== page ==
Thursday, November 14, 2019

Swaziland King’s purchase of 15 Roll-Royces came from private money, not public funds, PM says

The Prime Minister of Swaziland (eSwatini) Ambrose Dlamini said that the fleet of 15 Rolls-Royce vehicles purchased by the kingdom’s absolute monarch King Mswati III were paid for by private money and not public funds. They were reported to have cost up to US$4 million.

News of the purchase has been reported around the world and the King came under heavy criticism for the lavish spending. 

A few days after the purchase the King also took delivery of a fleet of 126 BMW vehicles which were reportedly for ‘escort duties’.

The Times of eSwatini reported Dlamini told a press conference on Wednesday (13 November 2019) the Rolls-Royce cars ‘were purchased privately and not through the public purse and no money from the national budget went to the purchase of these cars’.

It had been reported that Rolls-Royce had been purchased for the king’s wives.

The eSwatini Observer (previously Swazi Observer), a newspaper in effect owned by the king, reported Dlamini warned those who protested against the king were in danger of breaking the kingdom’s Suppression of Terrorism Act. ‘Violators of the law will be prosecuted,’ he said.
Swaziland is not a democracy and political parties are banned from taking part in elections. The king personally appoints the government, including the Prime Minister.

The Observer reported,Government, he said, would not tolerate statements that were demeaning to the person of His Majesty and the institution of the Monarchy.’

On the same day the Prime Minister spoke a march by political parties protesting against King Mswati and calling for democracy was stopped by police in Mbabane.

The Times reported the Prime Minister confirmed that it was responsible for buying 84 BMW cars and 42 BMW motorbikes. The exact cost of these has not been reported.

‘The purchase of the fleet came against  the backdrop of an ailing economy, where the country was struggling to meet its obligations,’ the Times reported.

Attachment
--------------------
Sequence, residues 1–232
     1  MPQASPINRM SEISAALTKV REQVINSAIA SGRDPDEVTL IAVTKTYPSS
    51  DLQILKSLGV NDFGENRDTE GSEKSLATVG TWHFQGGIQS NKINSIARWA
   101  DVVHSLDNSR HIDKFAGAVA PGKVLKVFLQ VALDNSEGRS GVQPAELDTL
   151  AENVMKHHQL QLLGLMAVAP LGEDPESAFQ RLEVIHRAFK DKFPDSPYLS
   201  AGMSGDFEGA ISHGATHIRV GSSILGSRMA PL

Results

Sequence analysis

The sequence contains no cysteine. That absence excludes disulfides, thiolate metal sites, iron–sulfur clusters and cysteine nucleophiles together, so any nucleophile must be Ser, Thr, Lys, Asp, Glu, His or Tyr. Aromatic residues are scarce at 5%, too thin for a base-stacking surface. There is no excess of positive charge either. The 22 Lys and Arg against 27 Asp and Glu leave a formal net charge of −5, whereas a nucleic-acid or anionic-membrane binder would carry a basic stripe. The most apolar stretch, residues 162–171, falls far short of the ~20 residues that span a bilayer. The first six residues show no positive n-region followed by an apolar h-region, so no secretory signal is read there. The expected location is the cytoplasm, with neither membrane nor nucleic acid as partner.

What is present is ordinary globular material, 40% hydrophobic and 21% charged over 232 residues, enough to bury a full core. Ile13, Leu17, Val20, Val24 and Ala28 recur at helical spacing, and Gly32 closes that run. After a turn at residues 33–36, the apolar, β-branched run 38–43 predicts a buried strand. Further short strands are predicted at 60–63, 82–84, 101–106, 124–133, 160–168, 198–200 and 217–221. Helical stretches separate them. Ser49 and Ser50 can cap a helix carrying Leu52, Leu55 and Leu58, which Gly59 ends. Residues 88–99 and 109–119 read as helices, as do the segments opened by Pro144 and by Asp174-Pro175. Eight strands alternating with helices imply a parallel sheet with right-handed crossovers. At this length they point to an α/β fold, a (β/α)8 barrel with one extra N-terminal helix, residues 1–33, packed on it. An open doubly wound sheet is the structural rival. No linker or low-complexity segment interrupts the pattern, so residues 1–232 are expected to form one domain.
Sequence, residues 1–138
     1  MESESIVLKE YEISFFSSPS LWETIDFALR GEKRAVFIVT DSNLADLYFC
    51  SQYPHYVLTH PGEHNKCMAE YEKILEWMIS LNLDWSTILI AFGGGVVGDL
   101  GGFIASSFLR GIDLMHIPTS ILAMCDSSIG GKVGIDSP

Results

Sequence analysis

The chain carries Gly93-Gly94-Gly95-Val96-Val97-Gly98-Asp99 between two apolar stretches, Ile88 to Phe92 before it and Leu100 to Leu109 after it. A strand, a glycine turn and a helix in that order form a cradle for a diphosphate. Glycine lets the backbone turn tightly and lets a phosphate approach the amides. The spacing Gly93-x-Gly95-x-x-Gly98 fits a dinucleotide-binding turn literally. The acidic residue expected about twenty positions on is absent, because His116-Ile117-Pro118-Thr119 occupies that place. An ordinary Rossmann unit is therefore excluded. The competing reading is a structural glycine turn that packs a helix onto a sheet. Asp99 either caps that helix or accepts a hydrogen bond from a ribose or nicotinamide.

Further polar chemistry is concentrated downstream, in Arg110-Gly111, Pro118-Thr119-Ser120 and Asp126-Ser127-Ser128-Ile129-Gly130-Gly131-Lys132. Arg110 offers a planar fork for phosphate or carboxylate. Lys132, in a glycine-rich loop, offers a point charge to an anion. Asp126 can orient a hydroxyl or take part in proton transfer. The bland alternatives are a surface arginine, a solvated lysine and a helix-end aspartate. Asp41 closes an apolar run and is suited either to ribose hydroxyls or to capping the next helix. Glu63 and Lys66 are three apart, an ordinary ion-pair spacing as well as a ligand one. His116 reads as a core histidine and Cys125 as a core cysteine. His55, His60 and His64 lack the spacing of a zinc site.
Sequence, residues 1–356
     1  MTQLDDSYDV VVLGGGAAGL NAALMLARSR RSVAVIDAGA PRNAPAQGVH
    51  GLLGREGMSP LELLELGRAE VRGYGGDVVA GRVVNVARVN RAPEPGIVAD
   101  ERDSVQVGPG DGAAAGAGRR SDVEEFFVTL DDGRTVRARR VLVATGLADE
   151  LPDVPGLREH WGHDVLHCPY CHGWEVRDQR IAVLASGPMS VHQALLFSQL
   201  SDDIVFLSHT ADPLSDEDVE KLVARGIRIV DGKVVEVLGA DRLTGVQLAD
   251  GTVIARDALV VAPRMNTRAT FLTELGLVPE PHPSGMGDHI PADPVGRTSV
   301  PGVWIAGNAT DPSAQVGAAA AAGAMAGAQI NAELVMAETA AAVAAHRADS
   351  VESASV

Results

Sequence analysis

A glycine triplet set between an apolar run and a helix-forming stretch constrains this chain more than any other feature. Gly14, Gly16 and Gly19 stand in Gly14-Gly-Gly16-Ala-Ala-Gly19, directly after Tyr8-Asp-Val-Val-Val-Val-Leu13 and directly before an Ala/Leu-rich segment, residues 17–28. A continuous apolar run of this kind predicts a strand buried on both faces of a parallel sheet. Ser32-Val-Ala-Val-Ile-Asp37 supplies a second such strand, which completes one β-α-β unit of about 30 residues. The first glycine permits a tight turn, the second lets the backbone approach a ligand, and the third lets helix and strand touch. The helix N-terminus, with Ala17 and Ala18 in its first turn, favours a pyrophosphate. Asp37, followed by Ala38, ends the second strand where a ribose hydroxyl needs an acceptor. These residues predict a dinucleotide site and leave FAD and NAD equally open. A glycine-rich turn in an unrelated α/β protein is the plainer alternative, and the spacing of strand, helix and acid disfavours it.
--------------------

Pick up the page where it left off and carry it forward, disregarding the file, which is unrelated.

It quoted the Prime Minister saying, ‘Government receives the public criticism regarding the purchase of the vehicles given the current financial situation in the country.  It is worth noting that the decision to replace the fleet was taken in July 2018 before austerity measures were put in place.

‘A commitment was made with the supplier at that time hence the agreement could not be reversed now as doing so could lead to litigation which would come with adverse consequences for government.’

The Times added, ‘Dlamini said as previously stated, the purchase of this fleet was in line with government policy to replace cars after five years. He said most of the VIP and escort vehicles being replaced now were 11 years old and others were no longer roadworthy, which was a huge cost to government as they had to constantly cater for the repairs of the cars. He said government saved a lot of money from having a newer fleet because it came with a warranty and service plan.’

In a speech the US Ambassador to Swaziland Lisa Peterson criticised the purchases. She said, ‘While the government continued using its existing vehicle fleet, the palace sees fit to acquire more than a dozen Rolls-Royce vehicles with a minimum  price tag of E52.5 million. To accompany this royal fleet, there is now an even larger fleet of official escort vehicles, purchased  with public funds.’
She said, ‘It  is exceedingly difficult for development partners to continue  advocating for assistance to eSwatini when such profligate spending or  suspicious giving is taking place.’

She said, However, should the people of Eswatini really be comfortable with such disregard for the perilous fiscal state of the country, particularly with so many of His Majesty’s subjects living below the international poverty line?  Should people really believe that a possible multi-million dollar gift came without any strings attached?

See also

King of impoverished Swaziland takes delivery of 79 luxury BMW cars worth US$6 million

Threat to censor U.S. Ambassador to Swaziland after criticism of King’s lavish spending

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